Education

Gaspar Vila Mayans elementary school, in a low-income area in Puerto Rico's capital of San Juan, was one of the lucky ones.

Most of the building escaped damage, and the school was able to reopen just two weeks after Hurricane Maria hit in late September.

Once it was back up and running, the school quickly became a lifeline for the community, providing meals, activities and a sense of normalcy to families and their children.

Now, it's facing the possibility of closure for an entirely different reason – there aren't enough students to fill up its classrooms.

Updated at 5:15 p.m. ET

Trying to change Obama-era rules, the Trump administration is one step closer to making it more difficult for students to have loan debt wiped clean in cases involving fraud by universities.

After another round of holidays, it's safe to assume, a lot of children have been diving into media more than usual. They may have received new electronic toys and gadgets or downloaded new apps and games. Managing all that bleeping and buzzing activity causes anxiety in many parents. Here's a roundup of some of the latest research, combined with some of our previous reporting, to help guide your decision-making around family screen use.

1. Globally, tech brings young people opportunity as well as risk

Rated PG: Profoundly Gifted

Jan 2, 2018

Stories about geniuses seem to fascinate us. From “Rain Man” and “Temple Grandin” to “House” and “S-town,” people with extraordinarily high intelligence make for great characters.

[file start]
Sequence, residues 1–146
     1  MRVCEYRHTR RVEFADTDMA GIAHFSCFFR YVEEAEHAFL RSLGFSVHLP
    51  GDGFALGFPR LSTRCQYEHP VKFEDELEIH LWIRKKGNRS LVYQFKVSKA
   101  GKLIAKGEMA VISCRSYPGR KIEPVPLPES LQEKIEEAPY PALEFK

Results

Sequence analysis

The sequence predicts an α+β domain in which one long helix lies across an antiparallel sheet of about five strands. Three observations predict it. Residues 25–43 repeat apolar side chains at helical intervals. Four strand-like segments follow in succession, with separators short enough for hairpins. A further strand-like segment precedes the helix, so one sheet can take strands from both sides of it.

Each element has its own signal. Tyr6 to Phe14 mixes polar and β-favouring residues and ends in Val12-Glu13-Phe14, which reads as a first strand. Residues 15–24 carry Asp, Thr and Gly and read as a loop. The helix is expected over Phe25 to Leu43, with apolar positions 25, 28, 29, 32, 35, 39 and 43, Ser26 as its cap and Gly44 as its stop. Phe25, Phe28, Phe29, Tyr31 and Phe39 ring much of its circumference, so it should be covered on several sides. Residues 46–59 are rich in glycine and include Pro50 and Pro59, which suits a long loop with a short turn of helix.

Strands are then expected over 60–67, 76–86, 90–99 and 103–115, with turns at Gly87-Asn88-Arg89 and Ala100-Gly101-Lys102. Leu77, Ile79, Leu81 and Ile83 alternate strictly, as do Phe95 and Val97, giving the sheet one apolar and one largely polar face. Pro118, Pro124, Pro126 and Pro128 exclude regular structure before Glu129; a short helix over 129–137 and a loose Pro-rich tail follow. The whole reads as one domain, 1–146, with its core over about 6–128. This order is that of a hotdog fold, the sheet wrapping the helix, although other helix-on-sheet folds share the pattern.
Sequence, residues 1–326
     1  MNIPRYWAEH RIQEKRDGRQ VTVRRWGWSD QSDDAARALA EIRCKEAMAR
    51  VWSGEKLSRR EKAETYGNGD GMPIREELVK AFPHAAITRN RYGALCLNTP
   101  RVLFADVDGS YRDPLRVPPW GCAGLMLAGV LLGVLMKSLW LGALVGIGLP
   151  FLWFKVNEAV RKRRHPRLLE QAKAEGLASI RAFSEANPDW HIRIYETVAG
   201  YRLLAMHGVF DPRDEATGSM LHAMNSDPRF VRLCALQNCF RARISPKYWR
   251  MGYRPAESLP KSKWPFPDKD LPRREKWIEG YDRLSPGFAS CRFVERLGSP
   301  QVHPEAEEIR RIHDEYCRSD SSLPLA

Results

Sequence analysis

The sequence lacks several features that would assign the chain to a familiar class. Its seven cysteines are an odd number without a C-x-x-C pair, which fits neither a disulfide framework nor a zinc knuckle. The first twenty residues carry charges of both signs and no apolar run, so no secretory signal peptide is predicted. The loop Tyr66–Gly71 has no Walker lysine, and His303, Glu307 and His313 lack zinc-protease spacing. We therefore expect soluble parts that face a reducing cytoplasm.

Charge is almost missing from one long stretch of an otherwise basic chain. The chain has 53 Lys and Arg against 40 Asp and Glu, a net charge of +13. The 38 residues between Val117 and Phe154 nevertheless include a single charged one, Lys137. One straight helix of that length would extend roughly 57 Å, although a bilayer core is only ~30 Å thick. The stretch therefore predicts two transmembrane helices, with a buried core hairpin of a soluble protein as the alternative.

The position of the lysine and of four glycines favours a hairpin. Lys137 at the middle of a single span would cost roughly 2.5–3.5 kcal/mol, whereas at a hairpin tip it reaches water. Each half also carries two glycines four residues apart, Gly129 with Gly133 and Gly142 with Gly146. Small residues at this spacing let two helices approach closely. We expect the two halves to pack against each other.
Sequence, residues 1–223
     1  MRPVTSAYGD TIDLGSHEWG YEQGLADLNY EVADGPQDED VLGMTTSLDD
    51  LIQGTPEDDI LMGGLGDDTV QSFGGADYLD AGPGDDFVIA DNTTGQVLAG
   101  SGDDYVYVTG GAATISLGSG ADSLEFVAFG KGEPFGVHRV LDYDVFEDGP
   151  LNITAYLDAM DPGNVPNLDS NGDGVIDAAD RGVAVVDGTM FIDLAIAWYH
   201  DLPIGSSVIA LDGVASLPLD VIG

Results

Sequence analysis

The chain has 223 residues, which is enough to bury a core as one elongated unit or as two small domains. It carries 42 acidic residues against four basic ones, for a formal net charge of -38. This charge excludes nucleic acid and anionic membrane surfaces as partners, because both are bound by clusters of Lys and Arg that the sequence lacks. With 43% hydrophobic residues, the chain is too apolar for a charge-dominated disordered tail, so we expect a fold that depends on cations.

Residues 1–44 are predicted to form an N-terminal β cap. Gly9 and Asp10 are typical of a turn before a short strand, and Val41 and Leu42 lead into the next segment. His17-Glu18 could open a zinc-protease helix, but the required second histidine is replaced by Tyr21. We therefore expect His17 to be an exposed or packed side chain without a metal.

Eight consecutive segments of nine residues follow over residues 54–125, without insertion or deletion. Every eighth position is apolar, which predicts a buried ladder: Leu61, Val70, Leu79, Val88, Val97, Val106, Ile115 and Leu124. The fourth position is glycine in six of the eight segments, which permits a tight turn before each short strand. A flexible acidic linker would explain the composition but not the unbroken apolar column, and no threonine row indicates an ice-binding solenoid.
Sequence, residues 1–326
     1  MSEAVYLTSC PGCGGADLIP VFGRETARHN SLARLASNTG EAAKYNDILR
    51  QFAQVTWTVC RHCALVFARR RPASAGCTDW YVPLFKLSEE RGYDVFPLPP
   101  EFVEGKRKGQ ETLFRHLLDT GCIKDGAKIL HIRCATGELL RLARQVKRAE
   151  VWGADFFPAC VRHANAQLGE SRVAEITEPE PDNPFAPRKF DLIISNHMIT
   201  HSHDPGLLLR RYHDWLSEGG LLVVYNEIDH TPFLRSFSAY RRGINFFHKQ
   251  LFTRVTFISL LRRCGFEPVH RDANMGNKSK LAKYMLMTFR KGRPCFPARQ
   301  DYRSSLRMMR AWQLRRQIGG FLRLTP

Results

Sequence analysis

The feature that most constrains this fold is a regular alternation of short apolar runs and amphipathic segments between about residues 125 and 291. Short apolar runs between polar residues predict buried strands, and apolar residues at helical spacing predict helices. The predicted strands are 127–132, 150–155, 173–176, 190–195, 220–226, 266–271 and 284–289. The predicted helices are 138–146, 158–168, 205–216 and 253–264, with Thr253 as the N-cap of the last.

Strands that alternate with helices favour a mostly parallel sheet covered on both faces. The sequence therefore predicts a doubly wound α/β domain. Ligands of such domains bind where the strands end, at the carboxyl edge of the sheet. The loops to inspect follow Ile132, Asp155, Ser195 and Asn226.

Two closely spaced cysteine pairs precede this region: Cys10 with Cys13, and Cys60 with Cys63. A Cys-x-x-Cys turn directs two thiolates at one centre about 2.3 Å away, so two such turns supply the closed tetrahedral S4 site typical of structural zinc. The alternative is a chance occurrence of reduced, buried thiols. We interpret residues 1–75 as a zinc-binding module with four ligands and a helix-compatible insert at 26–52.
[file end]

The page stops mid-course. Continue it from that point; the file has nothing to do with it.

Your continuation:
But what is life really like if you’re profoundly gifted, with an IQ of at least 160? And what’s it like living among the rest of us?

In the first installment of our series of audience-requested discussions, we examine what it means to be profoundly gifted.

GUESTS

On the NPR Ed Team, I am what you might call the grizzled veteran. I've seen education trends come and go and come again. And go again.

You get the idea.

In years past, around December, my teammates would often pause by my desk and ask: "What do you think we'll be covering next year?"

I've always found this a fun thought exercise, and, at some point, my editor suggested I jot down my answers and share them beyond our cubicles. And so, here are a few predictions for 2018.

Flickr user Adirondack Watershed Institute Follow / https://flic.kr/p/Uvvrdi

The new year will bring a new program to Michigan on the state’s many lakes. It’s titled the ‘Introduction to Lakes Education Course’ and it’s aimed at helping Michigan natives and transplants learn more about one of the state’s most distinctive features.


Flickr User Susan Ruggles / https://flic.kr/p/pufkYh

CMU has been working on a series of forums for the spring in an effort to make students more politically and socially aware. One of the discussions will focus on midterm elections.

The 10 Most Popular 'Fresh Air' Interviews Of 2017

Dec 29, 2017

In 2017, Fresh Air marked 30 years as a nationally syndicated, daily radio program by doing what it does best: more in-depth interviews.

Reporters and researchers are just starting to comb through the huge, rushed-to-passage tax package to figure out the implications.

One of the changes, according to the Institute on Taxation & Economic Policy, which advocates for a "fair and sustainable" tax system, allows far more wealthy donors in 10 states to turn a profit through "donations" to private school scholarships.

The NPR series, "Take A Number," is exploring problems around the world — and the people who are trying to solve them — each through the lens of a single number.

Thirty-six percent.

That was the high school graduation rate for youth in foster care in Seattle and King County, Washington, in 2010.

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